CUBA FACTS

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CUBA FACTS

Issue 43- December 2008

   


Cuba Facts
is an ongoing series of succinct fact sheets on various topics, including, but not limited to, political structure, health, economy, education, nutrition, labor, business, foreign investment, and demographics, published and updated on a regular basis by the Cuba Transition Project staff.

 

 Socio-Economic Conditions in Pre-Castro Cuba*


Introduction

  • In the 1950's Cuba was, socially and economically, a relatively advanced country, certainly by Latin American standards and, in some areas, by world standards.
  • Cuba's infant mortality rate was the best in Latin America -- and the 13th lowest in the world.
  • Cuba also had an excellent educational system and impressive literacy rates in the 1950's.
  • Pre-Castro Cuba ranked third in Latin America in per capita food consumption.
  • Cuba ranked first in Latin America and fifth in the world in television sets per capita.
  • Pre-Castro Cuba had 58 daily newspapers of differing political hues and ranked eighth in the world in number of radio stations.


Health

  • Cuba's infant mortality rate of 32 per 1,000 live births in 1957 was the lowest in Latin America and the 13th lowest in the world, according to UN data. Cuba ranked ahead of France, Belgium, West Germany, Japan, Austria, Italy, and Spain.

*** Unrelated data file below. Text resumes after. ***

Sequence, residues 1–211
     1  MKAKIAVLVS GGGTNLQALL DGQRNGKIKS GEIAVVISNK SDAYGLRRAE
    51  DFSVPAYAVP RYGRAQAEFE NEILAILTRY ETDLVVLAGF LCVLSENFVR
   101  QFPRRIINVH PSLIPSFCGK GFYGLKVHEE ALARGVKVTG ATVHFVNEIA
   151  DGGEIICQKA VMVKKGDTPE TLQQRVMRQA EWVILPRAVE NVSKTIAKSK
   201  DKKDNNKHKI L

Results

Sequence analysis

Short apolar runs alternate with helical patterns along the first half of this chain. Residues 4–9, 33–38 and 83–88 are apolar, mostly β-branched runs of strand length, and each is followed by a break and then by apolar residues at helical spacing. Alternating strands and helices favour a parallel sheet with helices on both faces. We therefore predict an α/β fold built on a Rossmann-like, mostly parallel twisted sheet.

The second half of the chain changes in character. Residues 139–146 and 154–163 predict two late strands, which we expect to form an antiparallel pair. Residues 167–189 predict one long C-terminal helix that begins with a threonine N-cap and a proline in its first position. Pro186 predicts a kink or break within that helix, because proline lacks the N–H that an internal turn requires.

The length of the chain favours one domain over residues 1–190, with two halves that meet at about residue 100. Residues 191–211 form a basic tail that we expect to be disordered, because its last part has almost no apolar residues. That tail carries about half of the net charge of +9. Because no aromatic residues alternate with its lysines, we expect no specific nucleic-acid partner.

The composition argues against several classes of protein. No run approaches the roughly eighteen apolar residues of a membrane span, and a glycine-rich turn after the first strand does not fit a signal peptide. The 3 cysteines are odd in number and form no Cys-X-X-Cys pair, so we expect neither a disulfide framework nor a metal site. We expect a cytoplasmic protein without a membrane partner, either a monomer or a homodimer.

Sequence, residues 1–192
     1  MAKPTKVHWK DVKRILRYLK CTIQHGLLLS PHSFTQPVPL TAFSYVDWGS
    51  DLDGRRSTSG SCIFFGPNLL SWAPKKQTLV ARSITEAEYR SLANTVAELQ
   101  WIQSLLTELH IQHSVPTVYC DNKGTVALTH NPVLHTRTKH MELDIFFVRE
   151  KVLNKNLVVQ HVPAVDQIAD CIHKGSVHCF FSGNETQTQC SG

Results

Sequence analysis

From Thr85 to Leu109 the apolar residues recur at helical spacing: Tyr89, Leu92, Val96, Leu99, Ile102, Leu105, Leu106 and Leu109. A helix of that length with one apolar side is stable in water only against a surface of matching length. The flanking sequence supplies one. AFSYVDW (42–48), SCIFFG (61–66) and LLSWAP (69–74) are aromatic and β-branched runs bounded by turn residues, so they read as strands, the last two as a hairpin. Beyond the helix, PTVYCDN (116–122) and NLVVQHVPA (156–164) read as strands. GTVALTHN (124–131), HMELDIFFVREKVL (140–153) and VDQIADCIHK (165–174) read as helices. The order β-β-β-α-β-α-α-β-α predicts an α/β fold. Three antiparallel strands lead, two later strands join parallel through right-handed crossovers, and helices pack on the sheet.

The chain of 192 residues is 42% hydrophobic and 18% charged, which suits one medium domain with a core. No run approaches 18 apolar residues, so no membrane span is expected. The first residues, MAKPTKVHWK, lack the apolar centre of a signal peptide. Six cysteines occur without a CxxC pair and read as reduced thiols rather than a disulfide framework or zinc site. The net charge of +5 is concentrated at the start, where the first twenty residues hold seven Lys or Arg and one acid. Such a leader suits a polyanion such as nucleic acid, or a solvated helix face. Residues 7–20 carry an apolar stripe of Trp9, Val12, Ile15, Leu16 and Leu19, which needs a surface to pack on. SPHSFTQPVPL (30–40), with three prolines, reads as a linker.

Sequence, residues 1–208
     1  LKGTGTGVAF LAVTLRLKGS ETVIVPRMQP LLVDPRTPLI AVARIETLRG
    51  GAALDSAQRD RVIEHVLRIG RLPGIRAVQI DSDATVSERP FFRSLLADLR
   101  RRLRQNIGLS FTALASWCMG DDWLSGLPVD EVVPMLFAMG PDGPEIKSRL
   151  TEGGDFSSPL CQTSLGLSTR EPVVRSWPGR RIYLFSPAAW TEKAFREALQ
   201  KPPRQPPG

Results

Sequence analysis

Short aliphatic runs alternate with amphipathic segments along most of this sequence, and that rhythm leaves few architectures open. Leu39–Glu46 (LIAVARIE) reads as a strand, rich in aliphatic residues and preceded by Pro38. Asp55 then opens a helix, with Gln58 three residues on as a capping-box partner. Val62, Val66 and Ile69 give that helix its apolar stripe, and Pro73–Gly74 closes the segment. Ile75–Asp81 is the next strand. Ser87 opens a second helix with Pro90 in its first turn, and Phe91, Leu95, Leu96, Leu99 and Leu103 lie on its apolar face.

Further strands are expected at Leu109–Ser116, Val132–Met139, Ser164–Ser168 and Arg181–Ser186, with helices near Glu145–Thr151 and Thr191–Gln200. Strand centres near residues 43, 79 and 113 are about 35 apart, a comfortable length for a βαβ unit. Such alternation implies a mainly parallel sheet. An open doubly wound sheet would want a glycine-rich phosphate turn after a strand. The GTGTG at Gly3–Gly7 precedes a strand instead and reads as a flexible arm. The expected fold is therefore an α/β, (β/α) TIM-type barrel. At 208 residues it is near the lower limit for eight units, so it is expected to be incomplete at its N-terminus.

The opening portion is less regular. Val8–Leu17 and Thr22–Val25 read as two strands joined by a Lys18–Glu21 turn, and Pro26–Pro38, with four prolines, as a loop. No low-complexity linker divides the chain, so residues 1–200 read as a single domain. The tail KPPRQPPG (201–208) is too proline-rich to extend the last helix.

• In 1955, life expectancy in Cuba was among the highest at 63 years of age; compared to 52 in other Latin American countries, 43 in Asia, and 37 in Africa.
  • In terms of physicians and dentists per capita, Cuba in 1957 ranked third in Latin America, behind only Uruguay and Argentina -- both of which were more advanced than the United States in this measure. Cuba's 128 physicians and dentists per 100,000 people in 1957 was the same as the Netherlands, and ahead of the United Kingdom (122 per 100,000 people) and Finland.

 

Education

Cuba has been among the most literate countries in Latin America since well before the Castro revolution, when it ranked fourth.

Table 1. Latin American Literacy Rates

Country
Latest Data Available
for 1950-53
(Percent)
2000
(Percent)
% Increase
Argentina
87
97
11.5%
Cuba
76
96
26.3%
Chile
81
96
18.5%
Costa Rica
79
96
21.5%
Paraguay
68
93
36.8%
Colombia
62
92
48.4%
Panama
72
92
27.8%
Ecuador
56
92
64.3%
Brazil
49
85
73.5%